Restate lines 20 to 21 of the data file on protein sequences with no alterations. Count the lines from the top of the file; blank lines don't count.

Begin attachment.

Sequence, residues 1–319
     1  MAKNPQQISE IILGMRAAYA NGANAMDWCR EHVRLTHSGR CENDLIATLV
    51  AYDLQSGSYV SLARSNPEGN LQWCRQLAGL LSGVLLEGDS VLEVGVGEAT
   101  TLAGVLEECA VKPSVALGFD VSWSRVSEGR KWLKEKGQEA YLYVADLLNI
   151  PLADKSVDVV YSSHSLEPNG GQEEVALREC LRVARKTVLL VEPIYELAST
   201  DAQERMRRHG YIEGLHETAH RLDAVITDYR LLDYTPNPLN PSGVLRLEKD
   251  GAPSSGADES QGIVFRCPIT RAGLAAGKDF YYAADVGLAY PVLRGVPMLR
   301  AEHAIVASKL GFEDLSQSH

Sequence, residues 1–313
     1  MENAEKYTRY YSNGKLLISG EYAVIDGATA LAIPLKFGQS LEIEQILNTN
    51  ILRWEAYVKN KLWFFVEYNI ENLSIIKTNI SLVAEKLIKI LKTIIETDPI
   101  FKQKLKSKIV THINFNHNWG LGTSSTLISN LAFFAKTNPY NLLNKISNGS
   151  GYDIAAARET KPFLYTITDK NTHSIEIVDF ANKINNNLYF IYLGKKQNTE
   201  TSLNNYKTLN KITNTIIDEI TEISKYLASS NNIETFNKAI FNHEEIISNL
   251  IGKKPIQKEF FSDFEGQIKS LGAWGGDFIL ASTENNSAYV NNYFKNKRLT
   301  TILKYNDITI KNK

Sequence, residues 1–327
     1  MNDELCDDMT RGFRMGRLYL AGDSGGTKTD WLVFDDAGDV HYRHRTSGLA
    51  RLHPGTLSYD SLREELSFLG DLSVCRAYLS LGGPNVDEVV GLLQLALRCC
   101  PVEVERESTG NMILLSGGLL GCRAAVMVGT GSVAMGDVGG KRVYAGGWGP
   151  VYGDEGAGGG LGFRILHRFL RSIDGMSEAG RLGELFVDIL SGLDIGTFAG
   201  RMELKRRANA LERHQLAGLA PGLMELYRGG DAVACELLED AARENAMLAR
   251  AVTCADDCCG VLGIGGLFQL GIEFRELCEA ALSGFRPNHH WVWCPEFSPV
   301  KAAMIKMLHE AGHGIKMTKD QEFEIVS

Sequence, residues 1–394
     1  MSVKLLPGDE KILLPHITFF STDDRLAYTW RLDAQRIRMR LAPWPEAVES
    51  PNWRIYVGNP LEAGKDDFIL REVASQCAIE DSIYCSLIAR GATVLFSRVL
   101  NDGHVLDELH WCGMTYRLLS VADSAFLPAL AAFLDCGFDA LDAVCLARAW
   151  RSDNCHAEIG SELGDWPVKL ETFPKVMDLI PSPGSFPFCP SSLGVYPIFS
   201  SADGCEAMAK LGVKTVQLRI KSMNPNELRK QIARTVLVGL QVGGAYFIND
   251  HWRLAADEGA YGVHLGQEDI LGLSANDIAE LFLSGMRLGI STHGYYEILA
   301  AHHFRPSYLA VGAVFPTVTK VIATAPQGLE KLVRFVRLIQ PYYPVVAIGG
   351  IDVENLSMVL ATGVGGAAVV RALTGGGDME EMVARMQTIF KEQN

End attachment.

   101  PVEVERESTG NMILLSGGLL GCRAAVMVGT GSVAMGDVGG KRVYAGGWGP
   151  VYGDEGAGGG LGFRILHRFL RSIDGMSEAG RLGELFVDIL SGLDIGTFAG